Damage ‘at least $200M’ in Manitoba flood, premier says

WATCH: Aerial view of Assiniboine River floodwaters west of Winnipeg

WINNIPEG – It will cost “at least $200 million and rising” to repair the damage to bridges and roads inflicted by the Assiniboine River flood, Premier Greg Selinger says.

Selinger made the comment at a Friday news conference live streamed on this page.

That total does not include agricultural losses, Selinger said.

Dikes continued to hold as the Assiniboine River started to level off at Baie St. Paul, Man., according to data from a hydrometric gauge at the midway point between Portage la Prairie and Winnipeg. It is unlikely flood fighters will have to create an emergency outlet onto private property at the Hoop and Holler Bend, although officials left the option open.

Data from the Baie St. Paul gauge – which the federal government warns isn’t monitored and can provide inaccurate data – shows the water level still rising on Friday morning, but more slowly than earlier in the week. A gauge downstream at Headingley, Man., still shows a steeper rise in water levels.

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The Assiniboine River at Route 90 in Winnipeg is expected to rise another foot, provincial officials said Friday.

READ MORE: What’s to blame for Manitoba flood? Loss of wetlands, for one

The military was out overnight sandbagging culverts in the rural municipality of Cartier where water was pushing through onto people’s property, military spokesman Mike Lagace said.

The military is winding down its operations in the area from 500 to 70 soldiers who will provide rapid response to any unforeseen emergency, a news conference was told Friday.

WATCH: Randy Hull talks about how the City of Winnipeg is preparing for Assiniboine River floodwaters

While sandbags are protecting homes in rural areas, the City of Winnipeg said it’s not concerned about flood damage.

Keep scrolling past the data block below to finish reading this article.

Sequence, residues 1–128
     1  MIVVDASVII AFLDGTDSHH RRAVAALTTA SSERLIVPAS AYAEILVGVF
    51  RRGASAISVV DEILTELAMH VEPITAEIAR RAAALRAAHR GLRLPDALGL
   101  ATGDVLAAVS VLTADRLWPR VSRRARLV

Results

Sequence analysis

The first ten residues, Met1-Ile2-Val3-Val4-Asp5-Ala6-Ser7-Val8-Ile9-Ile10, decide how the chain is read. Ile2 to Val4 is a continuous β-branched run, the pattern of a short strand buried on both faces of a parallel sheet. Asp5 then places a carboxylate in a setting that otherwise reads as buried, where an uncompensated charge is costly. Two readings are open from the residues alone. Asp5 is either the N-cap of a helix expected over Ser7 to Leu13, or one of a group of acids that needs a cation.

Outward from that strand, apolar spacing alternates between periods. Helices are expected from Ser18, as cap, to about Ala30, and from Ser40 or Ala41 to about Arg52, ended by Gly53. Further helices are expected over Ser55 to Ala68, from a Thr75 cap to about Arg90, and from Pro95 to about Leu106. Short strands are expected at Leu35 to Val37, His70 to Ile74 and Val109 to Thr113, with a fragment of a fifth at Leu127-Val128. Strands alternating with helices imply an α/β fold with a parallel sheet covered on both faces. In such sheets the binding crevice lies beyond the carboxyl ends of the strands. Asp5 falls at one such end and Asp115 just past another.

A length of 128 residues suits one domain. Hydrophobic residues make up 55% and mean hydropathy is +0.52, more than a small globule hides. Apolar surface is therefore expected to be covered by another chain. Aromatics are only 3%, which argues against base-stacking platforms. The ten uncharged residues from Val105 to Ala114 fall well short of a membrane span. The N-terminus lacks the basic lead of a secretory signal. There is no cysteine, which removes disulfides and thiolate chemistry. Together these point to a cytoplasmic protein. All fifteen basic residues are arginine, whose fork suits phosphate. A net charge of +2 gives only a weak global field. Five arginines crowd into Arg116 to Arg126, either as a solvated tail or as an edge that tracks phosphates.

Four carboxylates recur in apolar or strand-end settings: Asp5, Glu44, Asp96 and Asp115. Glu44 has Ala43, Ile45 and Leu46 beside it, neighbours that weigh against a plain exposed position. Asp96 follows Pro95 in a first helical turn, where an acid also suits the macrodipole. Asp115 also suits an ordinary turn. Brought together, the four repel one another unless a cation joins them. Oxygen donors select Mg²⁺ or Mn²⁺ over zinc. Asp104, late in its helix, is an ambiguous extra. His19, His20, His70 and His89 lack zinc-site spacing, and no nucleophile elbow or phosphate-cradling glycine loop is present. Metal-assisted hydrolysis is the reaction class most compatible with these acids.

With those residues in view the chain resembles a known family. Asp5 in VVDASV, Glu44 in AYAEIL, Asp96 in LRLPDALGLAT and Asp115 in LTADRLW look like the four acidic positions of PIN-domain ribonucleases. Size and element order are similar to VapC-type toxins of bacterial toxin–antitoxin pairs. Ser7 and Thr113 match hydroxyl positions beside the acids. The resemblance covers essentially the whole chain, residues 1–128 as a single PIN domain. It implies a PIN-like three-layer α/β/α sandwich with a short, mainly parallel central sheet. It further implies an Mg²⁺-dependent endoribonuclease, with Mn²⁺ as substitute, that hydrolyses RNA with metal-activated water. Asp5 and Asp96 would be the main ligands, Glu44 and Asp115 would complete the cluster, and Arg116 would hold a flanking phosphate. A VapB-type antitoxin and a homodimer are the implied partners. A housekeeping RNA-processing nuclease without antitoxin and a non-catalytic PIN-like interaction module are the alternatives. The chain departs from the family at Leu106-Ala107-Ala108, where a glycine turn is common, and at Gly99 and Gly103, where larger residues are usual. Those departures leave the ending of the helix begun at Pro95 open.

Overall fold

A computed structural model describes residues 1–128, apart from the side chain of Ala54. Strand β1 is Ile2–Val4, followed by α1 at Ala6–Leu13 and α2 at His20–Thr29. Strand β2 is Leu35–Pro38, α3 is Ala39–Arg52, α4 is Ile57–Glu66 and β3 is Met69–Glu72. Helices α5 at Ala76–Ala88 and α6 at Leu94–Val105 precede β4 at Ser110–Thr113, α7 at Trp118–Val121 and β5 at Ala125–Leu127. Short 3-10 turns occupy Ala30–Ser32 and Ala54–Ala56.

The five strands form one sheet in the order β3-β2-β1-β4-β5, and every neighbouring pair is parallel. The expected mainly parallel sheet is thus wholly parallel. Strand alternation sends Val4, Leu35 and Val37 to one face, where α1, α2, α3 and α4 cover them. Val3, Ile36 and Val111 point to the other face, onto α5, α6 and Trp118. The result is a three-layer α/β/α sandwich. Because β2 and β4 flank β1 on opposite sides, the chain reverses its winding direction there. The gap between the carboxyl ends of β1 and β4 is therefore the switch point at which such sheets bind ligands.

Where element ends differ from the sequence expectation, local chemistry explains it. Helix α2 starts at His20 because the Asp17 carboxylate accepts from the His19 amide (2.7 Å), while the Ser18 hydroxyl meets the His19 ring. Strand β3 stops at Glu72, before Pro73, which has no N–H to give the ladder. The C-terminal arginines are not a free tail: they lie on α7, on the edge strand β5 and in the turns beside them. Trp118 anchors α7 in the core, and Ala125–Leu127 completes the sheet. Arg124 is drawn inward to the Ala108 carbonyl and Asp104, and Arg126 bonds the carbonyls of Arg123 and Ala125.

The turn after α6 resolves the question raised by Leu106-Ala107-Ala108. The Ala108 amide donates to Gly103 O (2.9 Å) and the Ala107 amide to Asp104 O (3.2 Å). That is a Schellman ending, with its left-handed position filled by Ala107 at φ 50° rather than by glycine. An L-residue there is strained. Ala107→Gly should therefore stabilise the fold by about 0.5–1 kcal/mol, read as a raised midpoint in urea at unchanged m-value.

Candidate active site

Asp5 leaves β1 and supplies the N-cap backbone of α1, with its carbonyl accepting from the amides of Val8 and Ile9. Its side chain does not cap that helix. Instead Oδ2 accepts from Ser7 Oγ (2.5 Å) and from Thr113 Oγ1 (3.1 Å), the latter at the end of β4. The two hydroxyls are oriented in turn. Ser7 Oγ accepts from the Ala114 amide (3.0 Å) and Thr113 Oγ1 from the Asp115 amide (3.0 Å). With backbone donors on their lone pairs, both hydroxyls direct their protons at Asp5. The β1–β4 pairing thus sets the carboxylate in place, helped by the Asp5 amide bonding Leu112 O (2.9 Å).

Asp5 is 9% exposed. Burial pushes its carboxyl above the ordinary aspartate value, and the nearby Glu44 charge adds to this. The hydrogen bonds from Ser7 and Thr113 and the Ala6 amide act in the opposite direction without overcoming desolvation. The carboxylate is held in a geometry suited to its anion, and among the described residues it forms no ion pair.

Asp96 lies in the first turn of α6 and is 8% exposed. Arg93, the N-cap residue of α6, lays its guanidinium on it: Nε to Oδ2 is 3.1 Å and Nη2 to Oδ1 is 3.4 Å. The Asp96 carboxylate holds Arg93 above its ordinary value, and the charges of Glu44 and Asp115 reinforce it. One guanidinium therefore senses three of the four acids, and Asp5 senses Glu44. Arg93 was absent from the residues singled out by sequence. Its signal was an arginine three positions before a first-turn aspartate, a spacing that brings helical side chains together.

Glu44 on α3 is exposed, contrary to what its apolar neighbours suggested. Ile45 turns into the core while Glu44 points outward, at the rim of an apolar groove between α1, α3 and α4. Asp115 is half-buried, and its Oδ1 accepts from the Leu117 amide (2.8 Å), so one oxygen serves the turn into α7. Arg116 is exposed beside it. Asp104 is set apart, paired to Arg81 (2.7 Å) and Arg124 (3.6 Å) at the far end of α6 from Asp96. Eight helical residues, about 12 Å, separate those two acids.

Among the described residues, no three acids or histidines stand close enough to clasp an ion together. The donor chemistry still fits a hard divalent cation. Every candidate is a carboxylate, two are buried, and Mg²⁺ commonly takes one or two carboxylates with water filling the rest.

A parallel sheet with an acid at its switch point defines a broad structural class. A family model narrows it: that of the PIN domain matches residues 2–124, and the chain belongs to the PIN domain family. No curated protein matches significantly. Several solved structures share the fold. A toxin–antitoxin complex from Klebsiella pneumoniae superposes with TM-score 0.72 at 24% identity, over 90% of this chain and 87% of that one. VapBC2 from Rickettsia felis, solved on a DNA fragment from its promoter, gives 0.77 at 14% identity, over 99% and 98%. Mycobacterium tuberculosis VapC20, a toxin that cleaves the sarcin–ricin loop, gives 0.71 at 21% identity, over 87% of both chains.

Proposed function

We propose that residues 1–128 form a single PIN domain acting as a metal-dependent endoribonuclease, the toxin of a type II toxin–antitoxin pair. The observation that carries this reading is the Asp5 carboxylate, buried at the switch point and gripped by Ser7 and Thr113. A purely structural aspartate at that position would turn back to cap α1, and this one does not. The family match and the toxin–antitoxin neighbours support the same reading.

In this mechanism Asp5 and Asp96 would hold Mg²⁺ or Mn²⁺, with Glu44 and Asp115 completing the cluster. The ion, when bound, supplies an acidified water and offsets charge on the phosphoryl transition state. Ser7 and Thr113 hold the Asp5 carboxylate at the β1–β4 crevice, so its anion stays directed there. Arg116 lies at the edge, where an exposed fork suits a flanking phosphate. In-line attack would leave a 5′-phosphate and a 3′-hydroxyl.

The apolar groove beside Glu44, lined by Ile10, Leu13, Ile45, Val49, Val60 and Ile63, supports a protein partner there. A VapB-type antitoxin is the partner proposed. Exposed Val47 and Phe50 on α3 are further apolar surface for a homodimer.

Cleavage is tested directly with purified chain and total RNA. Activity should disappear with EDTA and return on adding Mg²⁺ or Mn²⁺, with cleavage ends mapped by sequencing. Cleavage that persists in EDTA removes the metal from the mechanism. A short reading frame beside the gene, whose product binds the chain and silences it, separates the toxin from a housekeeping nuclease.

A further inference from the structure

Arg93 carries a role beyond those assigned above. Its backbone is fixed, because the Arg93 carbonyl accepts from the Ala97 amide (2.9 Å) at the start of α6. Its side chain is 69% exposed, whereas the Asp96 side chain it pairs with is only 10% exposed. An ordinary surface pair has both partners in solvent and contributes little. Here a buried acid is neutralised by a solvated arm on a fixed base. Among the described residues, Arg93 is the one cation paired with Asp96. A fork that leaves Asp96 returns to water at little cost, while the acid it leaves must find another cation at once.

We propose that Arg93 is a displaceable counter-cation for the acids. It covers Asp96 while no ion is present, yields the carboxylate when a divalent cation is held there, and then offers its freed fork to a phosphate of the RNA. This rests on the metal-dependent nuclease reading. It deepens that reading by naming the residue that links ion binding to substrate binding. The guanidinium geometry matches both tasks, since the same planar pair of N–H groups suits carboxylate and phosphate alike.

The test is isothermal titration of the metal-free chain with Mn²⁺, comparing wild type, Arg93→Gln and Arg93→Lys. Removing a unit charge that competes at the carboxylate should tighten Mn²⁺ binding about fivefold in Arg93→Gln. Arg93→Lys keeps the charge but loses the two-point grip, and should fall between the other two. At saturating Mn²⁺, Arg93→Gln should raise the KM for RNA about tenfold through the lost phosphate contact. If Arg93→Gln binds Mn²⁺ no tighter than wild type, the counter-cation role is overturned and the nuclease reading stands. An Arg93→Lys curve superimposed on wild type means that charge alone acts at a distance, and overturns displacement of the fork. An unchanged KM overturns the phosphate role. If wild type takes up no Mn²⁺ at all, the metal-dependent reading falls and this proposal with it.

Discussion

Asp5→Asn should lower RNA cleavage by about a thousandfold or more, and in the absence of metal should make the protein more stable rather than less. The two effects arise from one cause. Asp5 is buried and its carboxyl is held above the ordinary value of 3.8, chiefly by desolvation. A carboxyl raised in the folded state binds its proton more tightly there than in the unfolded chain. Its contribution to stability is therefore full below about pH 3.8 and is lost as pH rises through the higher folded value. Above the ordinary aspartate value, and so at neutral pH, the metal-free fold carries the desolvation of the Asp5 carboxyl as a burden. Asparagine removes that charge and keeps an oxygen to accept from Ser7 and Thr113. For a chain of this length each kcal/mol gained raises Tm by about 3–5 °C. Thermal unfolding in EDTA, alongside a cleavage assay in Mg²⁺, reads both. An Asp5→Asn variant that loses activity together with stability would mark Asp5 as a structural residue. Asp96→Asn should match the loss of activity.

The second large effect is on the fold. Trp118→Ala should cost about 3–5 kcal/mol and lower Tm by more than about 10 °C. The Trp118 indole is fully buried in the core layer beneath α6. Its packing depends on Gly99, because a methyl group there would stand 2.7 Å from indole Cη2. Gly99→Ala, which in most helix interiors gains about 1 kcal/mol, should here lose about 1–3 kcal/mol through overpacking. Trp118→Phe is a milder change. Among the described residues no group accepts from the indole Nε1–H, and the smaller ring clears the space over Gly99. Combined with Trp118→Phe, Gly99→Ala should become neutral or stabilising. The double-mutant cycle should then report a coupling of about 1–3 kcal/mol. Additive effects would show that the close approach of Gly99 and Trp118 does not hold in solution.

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The main risk in the city is a heavy rainfall because the city has closed drains into the river, said Randy Hull, the city’s emergency co-ordinator.

“Right now, we’re in protection mode for the city of Winnipeg,” Hull said. “Everybody needs to do their part: downspouts away from the house, have drainage slope away from the house.”

WATCH: Global’s Vassy Kapelos has the latest on the progress of the crest headed for Winnipeg

Communities upstream, near the Saskatchewan border, are dealing with a second crest that hit St. Lazare, Man., on Wednesday night.

The Assiniboine and Qu’Appelle rivers meet at the village near the Saskatchewan border, which has a ring dike, but homes outside the dike were already damaged after the first crest.

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Brandon, Man., tweeted Friday morning that the water level there was actually higher than the first crest on July 6.

Peak flows at Brandon are expected to hit 2011 flood levels sometime between today and Sunday, Friday’s provincial flood report said.

The crest has reached Miniota and the river is expected to stay at or near that level for a day or two.

IN PHOTOS: Manitoba’s rising waters

Lake Manitoba is expected to crest at 814.6 feet in early August, the province said. A flood map on the provincial flood website, which does not take wind into consideration, shows possible flood scenarios around Lake Manitoba.